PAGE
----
Ms Gilruth in the Scottish Parliament said her political opponent had “slightly mischaracterized the situation”.
“It is not true to say that I was not involved during this process. And I share Mr Bibby’s concerns and that is precisely why, when I was informed of this decision on Friday, I sought the first available opportunity to speak directly to HIAL on Saturday morning.
READ MORE: Ferguson Marine: Ferry company sanctioned twice over financial failures
“An urgent resolution of this dispute is clearly needed now. For example, I’m particularly concerned about any impact on doctor’s appointments. This is a matter I have asked Transport Scotland to raise directly with Loganair.
“This is a decision for Loganair. Loganair believes that action taken just before a strike in the form of a regulation will lead to short-term cancellations. Loganair has therefore made the commercial decision in this regard based on the costs generated by cancellations. It is not a matter which Government Ministers may interfere with as the Scottish Government has no direct role in providing them.
Customers who booked Loganair flights during the period of suspension will be contacted and given the option to rebook on alternative routes or receive a full refund.
Jonathan Hinkles, Loganair chief executive, has defended the move.
He said: “Loganair’s experience from the last three disputes over four years at Highlands and Islands airports is that while working to rule it is incredibly difficult to continue to provide service.”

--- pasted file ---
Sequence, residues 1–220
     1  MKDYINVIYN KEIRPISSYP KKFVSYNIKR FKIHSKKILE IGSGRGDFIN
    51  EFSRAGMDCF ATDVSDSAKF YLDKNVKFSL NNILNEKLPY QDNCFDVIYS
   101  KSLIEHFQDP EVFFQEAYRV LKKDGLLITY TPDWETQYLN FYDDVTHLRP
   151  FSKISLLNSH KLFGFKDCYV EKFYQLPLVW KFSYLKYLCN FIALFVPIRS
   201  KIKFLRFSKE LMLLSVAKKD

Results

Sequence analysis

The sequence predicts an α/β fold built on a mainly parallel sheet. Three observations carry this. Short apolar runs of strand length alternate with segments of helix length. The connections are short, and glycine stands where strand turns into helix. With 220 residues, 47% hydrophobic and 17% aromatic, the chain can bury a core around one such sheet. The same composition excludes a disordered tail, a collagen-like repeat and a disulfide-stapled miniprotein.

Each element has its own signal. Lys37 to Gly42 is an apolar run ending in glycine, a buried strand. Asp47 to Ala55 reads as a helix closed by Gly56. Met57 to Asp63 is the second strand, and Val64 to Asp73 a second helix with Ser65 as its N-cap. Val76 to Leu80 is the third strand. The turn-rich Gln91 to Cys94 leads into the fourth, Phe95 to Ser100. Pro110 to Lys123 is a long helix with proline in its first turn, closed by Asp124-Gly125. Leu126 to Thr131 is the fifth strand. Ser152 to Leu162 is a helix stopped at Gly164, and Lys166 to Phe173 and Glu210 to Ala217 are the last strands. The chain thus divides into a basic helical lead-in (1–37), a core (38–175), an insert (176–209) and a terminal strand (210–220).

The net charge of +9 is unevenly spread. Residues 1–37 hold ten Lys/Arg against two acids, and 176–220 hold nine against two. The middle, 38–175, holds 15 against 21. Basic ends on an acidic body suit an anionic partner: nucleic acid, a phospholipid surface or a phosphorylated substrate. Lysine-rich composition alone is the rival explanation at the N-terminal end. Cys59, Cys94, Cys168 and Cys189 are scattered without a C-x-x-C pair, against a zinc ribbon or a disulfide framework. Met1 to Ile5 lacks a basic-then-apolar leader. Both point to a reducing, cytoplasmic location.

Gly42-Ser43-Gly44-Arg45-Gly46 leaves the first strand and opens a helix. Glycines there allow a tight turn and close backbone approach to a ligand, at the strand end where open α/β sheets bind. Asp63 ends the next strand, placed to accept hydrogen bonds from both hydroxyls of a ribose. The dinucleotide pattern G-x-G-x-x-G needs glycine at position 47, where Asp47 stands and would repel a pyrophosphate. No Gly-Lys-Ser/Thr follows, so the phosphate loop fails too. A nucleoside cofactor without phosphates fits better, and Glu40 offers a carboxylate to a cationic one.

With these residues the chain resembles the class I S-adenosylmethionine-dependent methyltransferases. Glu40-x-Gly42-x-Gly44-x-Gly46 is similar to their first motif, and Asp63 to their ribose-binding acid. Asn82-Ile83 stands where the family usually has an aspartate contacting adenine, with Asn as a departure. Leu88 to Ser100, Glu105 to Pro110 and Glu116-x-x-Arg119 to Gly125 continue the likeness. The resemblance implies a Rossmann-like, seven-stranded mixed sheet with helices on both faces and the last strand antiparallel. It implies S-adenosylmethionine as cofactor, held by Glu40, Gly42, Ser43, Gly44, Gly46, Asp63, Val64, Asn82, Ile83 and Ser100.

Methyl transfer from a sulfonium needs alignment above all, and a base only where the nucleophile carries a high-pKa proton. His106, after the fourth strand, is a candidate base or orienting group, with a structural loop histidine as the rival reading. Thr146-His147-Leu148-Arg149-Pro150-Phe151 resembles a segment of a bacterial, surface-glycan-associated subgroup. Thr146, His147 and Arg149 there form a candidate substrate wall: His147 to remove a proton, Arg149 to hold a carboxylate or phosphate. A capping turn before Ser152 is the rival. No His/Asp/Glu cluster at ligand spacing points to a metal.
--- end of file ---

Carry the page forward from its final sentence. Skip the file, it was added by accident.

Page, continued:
He said vital services cannot maintain a high standard while working to the rule. “That then puts us in a position where we are suddenly told in no time at all that the airport will be closed for the next hour because the controllers need a mandatory rest break or certain aircraft cannot land there because the fire brigade is sufficiently manned for this type of aircraft is.
“Having disruptions that day and having to cancel flights that day, which when you’re totally dependent on getting a hospital appointment in Raigmore, is the last thing we want, it’s the last thing our customers want.
“By setting that up in advance, we’ve been telling people, ‘Look, this service won’t be there for that period of time’ until this industrial issue is resolved.”
A Loganair spokesman said: “We fully understand that this unprecedented move will not be welcome news for communities that depend on the flight services offered by Loganair.
“We have unfortunately concluded that it is simply not realistic to continue our efforts to provide service between HIAL airports when the action just prior to a strike is intended to disrupt and counter those efforts at every turn.
https://www.heraldscotland.com/news/homenews/23369907.hopes-resolution-six-week-loganair-island-flight-suspension/?ref=rss Hopes for a solution over Loganair Island’s six-week flight suspension